Liturgy — Response to Forgiveness

The pew edition of Lutheran Service Book

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What happens after we have received that tremendous gospel declaration, “Your sins are forgiven”? Here I will encounter a recurring problem: what terms should we use? One of the difficulties we have in the Lutheran Church is using Latin/Greek terms relative to worship and think that since we have done so for decades that “everyone knows what that is.” The reality is most people do not know. Pastors, this is a call for us to teach, teach, teach. At the same time, these Latin/Greek terms express in shorthand the essence of a phrase or hymn. Thus, I have used the terms here but with explanations. BTW the latest hymnal from the LCMS, Lutheran Service Book (LSB) offers an excellent service for worshipers by including both the original Greek/Latin terms and a translation. Likewise, LSB provides the Scripture references for every response.

After the declaration of forgiveness, the service moves us to the appropriate response, which includes three major parts: Introit (Psalm)/Entrance Hymn, Kyrie (“O Lord”), and Hymn of Praise. One of the sad things that has crept into the church is that pastors and congregations often move the hymns of praise (praise songs) prior to the Invocation. This change moves the praise away from a response to the Gospel and to become almost a “pep session” to get us in the mood for worship.

Introit: “The Introit marks the beginning of the church service proper. The word Introit means entrance, so called because it was chanted while the officiating clergyman entered the chancel and took his place before the altar” (Walter Buszin, The Concordia Liturgical Series for Church Choirs: The Introits for the Church Year, CPH: 1942). Traditionally the Introit includes three parts: antiphon (response sung by congregation or choir), Psalm verse, and Gloria Patri (“Glory to the Father”). The antiphon highlights the theme for the Sunday.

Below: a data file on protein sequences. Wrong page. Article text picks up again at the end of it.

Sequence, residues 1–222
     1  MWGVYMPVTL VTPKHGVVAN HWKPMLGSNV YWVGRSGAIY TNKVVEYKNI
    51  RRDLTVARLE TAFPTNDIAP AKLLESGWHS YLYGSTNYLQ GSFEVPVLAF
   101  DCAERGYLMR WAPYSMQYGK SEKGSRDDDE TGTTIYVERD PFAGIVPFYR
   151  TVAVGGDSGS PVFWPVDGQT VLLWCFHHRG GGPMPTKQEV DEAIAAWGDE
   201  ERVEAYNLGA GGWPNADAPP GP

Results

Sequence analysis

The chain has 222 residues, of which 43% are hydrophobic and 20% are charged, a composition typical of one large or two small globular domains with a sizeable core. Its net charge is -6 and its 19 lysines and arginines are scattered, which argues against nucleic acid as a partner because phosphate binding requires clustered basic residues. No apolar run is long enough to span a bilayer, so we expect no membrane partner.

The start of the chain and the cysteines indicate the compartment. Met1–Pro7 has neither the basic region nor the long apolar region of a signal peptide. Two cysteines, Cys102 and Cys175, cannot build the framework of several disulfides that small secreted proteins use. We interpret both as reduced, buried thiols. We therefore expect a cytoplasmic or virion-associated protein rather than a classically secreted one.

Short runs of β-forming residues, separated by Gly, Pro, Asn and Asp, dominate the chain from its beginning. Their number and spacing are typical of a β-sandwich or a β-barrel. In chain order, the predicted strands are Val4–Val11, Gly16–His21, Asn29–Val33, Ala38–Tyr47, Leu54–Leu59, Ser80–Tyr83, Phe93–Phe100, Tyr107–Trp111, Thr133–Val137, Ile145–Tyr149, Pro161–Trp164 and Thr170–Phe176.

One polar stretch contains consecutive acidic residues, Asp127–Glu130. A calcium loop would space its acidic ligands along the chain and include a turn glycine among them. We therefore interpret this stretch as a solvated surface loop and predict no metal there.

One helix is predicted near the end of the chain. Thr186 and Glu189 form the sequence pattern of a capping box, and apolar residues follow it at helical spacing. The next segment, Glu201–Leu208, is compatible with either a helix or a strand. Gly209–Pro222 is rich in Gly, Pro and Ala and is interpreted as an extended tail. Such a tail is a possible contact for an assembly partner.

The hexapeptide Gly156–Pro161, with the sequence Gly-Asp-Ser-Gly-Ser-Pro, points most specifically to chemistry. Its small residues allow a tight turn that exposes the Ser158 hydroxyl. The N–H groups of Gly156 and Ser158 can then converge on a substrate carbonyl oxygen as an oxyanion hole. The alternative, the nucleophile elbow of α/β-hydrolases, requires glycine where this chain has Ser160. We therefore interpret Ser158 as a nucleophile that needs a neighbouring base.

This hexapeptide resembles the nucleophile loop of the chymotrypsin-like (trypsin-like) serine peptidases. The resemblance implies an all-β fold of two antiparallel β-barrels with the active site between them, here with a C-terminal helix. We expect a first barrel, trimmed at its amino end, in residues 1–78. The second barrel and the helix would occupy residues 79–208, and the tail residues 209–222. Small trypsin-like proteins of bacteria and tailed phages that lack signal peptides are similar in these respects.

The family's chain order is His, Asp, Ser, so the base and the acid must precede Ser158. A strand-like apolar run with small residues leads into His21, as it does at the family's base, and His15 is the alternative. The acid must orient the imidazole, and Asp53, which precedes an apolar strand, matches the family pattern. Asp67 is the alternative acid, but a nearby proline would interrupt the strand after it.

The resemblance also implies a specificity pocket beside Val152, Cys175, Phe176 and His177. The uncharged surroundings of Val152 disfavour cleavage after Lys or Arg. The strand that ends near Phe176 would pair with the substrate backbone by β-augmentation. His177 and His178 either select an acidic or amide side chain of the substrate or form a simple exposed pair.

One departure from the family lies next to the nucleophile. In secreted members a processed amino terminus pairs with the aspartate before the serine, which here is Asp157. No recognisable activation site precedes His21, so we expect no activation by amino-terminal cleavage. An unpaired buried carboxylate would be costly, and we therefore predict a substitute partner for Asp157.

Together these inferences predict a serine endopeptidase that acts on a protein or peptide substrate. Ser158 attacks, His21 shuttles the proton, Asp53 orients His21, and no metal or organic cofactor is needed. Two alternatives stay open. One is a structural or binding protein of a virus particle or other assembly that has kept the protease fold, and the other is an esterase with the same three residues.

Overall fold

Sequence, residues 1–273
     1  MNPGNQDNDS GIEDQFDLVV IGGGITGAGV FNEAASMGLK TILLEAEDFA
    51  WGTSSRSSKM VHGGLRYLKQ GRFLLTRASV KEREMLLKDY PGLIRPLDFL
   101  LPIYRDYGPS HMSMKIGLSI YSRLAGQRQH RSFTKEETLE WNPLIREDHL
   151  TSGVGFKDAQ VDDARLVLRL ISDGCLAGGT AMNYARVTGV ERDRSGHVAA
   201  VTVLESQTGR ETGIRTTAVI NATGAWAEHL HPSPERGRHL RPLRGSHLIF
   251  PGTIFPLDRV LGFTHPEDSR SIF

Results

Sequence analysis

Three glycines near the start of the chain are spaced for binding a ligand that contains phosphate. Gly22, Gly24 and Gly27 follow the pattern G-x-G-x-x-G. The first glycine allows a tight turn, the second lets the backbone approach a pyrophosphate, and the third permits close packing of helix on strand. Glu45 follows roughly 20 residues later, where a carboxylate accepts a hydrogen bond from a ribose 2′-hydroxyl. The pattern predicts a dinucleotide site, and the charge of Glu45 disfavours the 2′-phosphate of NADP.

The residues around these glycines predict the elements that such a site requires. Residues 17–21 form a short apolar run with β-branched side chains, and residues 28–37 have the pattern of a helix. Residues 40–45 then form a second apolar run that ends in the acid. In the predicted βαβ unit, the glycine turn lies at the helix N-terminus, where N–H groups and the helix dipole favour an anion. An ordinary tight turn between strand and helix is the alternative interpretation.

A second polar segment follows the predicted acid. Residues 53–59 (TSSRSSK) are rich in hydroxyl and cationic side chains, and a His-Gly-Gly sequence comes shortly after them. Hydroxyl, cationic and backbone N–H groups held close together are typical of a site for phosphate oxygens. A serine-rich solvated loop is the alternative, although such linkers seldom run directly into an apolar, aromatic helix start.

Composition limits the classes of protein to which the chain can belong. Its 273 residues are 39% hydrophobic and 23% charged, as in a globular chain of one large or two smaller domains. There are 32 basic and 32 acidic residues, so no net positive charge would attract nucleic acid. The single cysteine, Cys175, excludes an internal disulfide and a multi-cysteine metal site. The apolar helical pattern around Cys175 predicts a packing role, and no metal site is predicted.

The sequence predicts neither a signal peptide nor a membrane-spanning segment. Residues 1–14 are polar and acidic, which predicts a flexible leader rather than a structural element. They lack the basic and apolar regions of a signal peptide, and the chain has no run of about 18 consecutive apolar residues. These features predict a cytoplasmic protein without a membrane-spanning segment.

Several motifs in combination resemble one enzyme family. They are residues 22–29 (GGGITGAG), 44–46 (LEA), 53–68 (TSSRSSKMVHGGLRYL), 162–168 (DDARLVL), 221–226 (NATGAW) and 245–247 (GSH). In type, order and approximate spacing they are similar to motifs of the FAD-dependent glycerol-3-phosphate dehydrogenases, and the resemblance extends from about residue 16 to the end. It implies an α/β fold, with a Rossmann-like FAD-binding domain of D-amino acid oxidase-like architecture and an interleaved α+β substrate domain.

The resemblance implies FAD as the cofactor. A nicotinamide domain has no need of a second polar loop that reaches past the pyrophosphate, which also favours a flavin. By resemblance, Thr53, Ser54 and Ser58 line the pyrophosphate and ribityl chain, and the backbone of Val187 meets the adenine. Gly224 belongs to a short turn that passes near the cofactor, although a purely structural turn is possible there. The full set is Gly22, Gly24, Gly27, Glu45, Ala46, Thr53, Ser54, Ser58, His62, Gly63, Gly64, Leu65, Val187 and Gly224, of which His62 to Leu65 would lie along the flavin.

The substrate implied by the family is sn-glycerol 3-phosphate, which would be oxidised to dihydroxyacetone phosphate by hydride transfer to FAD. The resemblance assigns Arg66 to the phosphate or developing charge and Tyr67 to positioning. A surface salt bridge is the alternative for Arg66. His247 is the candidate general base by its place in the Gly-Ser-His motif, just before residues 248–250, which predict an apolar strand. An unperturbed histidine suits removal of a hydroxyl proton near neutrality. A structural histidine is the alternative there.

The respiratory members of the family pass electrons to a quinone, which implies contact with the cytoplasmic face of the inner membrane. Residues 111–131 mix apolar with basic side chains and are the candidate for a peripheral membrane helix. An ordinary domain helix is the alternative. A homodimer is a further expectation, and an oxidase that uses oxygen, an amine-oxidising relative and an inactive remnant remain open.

Kyrie eleison (“O Lord, have mercy”): This is a series of petitions and invitations for all worshipers to call upon the Lord. These responses are often chanted, which I find very comforting and inviting for worship. Of course, chanting is not required, but is a historic practice of singing Scripture texts.

Hymn of Praise: The texts for these hymns vary considerably. A traditional one “Gloria in Excelsis” (“Glory to God in the highest”) is based on Luke 2:14 and John 1:29. More recently, “This is the feast” is based on Revelation 5:12-13 and 19:5-9. I think this is the place where some of the (appropriate) contemporary praise songs could be incorporated. However, just stringing together some contemporary songs does not do justice to this section of worship. Rather, a smooth transition between 2-3 praise songs could be effectively used to enhance the service and reflect the interaction between God’s work and our responses. I have seen this done very well as suits the worship environment.

 

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About exegete77

disciple of Jesus Christ, husband, father, grandfather, great-grandfather, teacher, and theologian
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2 Responses to Liturgy — Response to Forgiveness

  1. Pingback: Liturgy — Brokenness, Forgiveness, Praise | "believe, teach, and confess"

  2. I really enjoyed both this post and the other one called Liturgy-Brokenness, Forgiveness, Praise | believe teach and confess. I would love it if our church would use this hymnal and have classes to educate the congregation on the importance of liturgy. It seems to have fallen by the way side because so many people think it is out dated and not for them or “too Catholic”. Pastors often choose to go with the flow instead of standing up for the things that make our Churches stand out from the rest. Thank you again for this nice post.

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